Like most newspaper reporters, Houlgate had some details wrong but he did better than most. First, the Army took Carlisle Barracks back in 1918, not 1917. Second, the facility wasn’t used for “fledgling doctors” as that came later. In 1918 it was used as a hospital to treat soldiers wounded in WWI. Houlgate went on to attempt to set the record straight on some legends that unfortunately still persist:

First off, Carlisle never had an undefeated, untied season. The Indians came close to a perfect record many times but always managed to lose at least one game. Next Jim Thorpe was not the first or only All-American. Third, Pop Warner did not bring Carlisle from obscurity to fame because Bemus Pierce and Metoxen were recognized as All-Americans by Walter Camp in 1896 or years before Glenn Scobie ever coached there.

Houlgate is correct about everything in the last paragraph except that Walter Camp first recognized a Carlisle player as a first team All-American in 1899 when he selected Isaac Seneca as a halfback. He may have named Pierce and Metoxen to his second or third teams but I don’t have a reference at hand to verify that. Whether or not Camp named Carlisle Indians to his All-America teams does not mean that Houlgate’s point is incorrect. The team and its star players were indeed famous before Warner was hired to coach them.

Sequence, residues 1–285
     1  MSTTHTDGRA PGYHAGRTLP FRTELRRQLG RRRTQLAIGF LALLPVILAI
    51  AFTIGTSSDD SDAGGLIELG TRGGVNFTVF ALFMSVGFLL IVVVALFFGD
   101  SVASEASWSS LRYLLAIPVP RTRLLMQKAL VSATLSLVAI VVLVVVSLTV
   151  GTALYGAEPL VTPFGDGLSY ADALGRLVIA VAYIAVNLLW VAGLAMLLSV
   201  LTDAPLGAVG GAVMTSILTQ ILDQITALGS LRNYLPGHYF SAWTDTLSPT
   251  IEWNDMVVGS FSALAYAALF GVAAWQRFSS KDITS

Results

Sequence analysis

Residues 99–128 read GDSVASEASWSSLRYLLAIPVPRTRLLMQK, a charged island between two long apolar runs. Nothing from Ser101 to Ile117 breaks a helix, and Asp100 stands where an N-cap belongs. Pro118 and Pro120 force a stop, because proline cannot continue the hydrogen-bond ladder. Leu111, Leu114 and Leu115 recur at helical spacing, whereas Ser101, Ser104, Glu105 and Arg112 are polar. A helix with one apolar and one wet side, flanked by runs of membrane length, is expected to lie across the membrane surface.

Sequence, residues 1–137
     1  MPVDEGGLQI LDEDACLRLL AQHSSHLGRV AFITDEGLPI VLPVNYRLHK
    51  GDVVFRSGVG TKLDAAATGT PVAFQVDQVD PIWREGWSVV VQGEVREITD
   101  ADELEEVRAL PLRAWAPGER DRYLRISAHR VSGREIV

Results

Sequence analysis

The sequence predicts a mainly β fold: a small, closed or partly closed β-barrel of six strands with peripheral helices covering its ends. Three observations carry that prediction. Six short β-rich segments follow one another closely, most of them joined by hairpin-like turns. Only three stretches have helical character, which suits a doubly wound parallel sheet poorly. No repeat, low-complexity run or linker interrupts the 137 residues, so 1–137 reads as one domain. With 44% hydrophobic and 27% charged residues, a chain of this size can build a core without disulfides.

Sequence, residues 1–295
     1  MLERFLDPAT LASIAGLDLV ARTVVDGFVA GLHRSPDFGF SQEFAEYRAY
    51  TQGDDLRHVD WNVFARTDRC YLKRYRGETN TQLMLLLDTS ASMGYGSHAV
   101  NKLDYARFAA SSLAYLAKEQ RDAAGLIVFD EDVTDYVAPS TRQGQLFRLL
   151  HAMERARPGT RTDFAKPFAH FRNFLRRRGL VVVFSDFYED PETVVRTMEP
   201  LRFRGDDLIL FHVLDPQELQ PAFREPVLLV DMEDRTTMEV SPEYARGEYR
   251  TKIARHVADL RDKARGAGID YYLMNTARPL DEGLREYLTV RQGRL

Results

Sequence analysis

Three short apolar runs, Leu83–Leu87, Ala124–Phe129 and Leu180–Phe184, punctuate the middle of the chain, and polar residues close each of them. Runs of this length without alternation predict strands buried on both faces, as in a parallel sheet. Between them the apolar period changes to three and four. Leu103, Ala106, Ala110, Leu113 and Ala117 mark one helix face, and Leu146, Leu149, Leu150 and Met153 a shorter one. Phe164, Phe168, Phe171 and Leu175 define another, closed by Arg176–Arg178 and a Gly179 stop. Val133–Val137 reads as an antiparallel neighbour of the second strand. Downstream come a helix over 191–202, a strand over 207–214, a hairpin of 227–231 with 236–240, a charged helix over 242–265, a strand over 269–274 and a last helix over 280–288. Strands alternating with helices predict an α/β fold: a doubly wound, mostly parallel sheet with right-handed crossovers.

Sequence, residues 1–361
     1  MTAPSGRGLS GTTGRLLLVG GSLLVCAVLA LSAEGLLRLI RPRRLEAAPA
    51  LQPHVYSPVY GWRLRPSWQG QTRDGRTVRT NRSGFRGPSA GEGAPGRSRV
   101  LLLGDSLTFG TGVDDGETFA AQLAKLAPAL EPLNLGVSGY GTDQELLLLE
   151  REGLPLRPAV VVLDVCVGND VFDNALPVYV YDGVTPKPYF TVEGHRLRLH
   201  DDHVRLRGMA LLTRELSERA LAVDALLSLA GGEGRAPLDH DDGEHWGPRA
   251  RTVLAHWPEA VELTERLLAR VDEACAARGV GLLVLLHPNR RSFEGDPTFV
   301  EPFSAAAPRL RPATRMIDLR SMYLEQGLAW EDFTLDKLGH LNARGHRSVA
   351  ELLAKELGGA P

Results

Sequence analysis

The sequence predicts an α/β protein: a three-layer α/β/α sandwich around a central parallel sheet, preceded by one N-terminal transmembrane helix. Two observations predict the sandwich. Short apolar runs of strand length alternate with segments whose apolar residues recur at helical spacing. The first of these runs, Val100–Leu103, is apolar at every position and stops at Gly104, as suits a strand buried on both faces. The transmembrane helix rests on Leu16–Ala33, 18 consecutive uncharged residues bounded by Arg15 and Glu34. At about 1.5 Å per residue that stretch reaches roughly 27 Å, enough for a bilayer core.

Be Careful What You Read

January 5, 2010

While reading a December 1928 newspaper, I came across an article by the great sportswriter Grantland Rice in which he credited the Carlisle Indians with doing more to popularize the game of football than anyone else: